But on the ocean, a tsunami poses almost no danger at all. That’s because they are typically just one or two feet high as they race across open water and are nothing more than a broad swell on the ocean surface. You likely wouldn’t notice one if it passed under your cruise ship.It’s when a tsunami approaches a coast and slows down because of friction with the shallower seafloor that it grows to damaging size. Because of its high speed, the front of the wave reaches shallow water long before the rest of it does. So, in something akin to a chain reaction accident on a foggy highway, the back of the wave runs into the slower-moving front.And at hundreds of miles per hour, the water builds up very quickly and the wave height increases rapidly.
The steepness of the seafloor and whether the coastline funnels the wave towards the head of a bay also contribute. Tsunamis rarely look like the breaking waves you see at the beach, however. Usually they appear as a churning, rapidly rising surge of water that pushes inland almost like a raging river’s floodwaters.A large tsunami wave surges onshore with great force. You can’t swim out of it.
And the water carries lots of debris in it, posing a risk of injury. Once the crest of the wave has made landfall the water recedes, carrying debris back out to sea.If the tsunami consists of more than one wave, another crest will appear, on average ten to fifteen minutes after the first. And the subsequent waves can be larger, deeper, and more powerful than the first. In the case of the 2004 tsunami, the third wave to strike Thailand’s beaches was the largest.And why does the water recede from shore before a tsunami hits? That happens when the trough (or low point) of the wave reaches shore.
Tsunami Warning System
The variables that contribute to the generation and ultimate size of tsunamis combine to make prediction difficult, so we rely on issuing warnings once they happen. The U.S. National Oceanic and Atmospheric Administration oversees monitoring of a network of seafloor instruments and buoys positioned around the Pacific Ocean rim. The instruments are designed to detect the passage of a tsunami wave and relay the information to ground-based stations.A similar network is currently under development in the Indian Ocean, spurred by the tsunami on December 26, 2004, where a lack of warning contributed to the deaths of nearly 300,000 people.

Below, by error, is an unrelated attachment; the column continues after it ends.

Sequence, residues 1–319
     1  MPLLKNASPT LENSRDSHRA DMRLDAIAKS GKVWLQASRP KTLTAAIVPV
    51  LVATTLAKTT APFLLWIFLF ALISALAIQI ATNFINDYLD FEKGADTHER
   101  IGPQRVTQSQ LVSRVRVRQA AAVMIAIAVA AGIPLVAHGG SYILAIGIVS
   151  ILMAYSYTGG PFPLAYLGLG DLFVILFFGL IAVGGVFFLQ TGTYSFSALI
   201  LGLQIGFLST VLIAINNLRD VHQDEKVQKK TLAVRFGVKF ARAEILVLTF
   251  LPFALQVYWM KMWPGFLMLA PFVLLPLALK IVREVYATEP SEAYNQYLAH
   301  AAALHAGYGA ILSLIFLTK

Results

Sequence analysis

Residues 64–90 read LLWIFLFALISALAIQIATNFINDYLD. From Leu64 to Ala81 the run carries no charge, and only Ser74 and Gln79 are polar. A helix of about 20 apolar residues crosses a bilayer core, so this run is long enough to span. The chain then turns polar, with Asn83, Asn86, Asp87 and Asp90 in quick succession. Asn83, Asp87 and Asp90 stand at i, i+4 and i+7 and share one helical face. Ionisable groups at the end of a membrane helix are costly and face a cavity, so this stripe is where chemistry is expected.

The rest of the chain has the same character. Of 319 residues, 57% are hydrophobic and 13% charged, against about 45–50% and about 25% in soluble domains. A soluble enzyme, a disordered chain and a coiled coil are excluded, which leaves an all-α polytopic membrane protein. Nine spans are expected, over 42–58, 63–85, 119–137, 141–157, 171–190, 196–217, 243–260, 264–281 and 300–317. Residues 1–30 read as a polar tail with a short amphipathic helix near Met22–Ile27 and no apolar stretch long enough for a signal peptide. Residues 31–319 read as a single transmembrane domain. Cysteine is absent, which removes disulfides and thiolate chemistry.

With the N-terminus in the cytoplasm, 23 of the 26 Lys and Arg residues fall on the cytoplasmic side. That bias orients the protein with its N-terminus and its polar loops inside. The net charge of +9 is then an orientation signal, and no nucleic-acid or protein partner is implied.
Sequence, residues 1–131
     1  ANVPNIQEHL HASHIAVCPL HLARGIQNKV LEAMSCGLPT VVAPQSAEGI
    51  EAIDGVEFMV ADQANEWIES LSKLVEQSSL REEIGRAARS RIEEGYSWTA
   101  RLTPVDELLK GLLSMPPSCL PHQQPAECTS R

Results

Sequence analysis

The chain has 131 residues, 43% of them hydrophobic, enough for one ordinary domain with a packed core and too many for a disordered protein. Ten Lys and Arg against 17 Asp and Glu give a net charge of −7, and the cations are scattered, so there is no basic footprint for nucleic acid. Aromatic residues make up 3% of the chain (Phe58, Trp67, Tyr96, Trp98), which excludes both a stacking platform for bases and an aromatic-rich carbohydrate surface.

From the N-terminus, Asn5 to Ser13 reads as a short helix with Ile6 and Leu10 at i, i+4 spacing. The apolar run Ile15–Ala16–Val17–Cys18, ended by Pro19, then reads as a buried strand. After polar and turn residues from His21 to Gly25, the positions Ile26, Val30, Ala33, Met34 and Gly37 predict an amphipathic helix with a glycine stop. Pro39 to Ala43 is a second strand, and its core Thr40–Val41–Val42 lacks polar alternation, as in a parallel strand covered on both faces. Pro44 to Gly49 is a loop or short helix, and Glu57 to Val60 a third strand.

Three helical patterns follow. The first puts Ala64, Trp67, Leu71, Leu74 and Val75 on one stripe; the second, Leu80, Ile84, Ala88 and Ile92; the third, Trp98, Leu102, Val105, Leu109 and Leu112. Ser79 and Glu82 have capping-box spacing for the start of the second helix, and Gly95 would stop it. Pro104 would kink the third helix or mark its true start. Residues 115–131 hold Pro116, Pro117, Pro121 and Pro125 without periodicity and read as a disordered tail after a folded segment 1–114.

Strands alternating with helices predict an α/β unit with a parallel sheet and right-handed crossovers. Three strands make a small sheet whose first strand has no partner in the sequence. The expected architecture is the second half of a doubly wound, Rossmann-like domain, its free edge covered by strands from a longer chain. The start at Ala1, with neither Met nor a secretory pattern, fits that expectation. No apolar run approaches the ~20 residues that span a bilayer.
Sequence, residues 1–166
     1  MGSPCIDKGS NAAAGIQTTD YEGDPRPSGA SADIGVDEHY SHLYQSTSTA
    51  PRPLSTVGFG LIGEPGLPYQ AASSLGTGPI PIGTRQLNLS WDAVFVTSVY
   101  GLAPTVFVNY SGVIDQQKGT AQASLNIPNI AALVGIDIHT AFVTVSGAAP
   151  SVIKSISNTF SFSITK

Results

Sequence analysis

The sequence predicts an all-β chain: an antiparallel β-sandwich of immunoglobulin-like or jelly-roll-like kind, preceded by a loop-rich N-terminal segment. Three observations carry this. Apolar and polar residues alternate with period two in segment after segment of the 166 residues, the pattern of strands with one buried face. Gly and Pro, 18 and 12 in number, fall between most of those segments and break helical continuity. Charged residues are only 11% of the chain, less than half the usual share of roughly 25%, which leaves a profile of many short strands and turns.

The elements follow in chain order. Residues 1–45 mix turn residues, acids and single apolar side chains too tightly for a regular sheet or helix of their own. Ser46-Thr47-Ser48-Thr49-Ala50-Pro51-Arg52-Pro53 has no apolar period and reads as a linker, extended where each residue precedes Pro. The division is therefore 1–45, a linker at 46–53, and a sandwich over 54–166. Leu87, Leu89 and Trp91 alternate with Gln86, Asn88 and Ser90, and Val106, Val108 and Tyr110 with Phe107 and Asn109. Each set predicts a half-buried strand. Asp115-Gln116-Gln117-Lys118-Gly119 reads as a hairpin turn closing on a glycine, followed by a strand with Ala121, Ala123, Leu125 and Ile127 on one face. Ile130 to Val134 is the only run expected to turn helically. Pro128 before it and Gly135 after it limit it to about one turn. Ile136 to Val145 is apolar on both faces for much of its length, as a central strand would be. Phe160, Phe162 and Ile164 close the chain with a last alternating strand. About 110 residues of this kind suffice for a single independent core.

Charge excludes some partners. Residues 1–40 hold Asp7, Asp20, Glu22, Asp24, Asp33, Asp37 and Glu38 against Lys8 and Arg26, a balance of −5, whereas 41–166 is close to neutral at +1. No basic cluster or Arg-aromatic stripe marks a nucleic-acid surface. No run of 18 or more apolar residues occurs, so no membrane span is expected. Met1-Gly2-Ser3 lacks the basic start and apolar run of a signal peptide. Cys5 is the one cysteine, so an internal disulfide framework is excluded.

In that case, the short time lag between the earthquake and the tsunami striking Indonesia might have limited the value of a warning, but lives might have been saved at other places farther away.If you take only one thing from this lesson, let it be this: if you are ever on a beach and a tsunami warning is issued, climb! Don’t collect fish. Don’t go surfing. The wave may not arrive, or it might be small. But you absolutely do not want to get caught in a big one.
Tsunamis are ocean waves produced by rapid displacement of the seafloor, most often by an earthquake, a landslide, or a volcanic explosion. They travel away from where they form at high velocities. They are very wide, but only a foot or two high on the open ocean.
The height of a tsunami increases as it approaches shore, when the wave produces a powerful surge of water that can advance many miles inland. A warning network is in place around the Pacific Ocean, and one is currently being built in the Indian Ocean.
Once you watch the video, you should be able to:
- Recognize what a tsunami is
- Describe how a tsunami is formed
- Recall the factors that influence the size of a tsunami
- Explain how the tsunami warning system works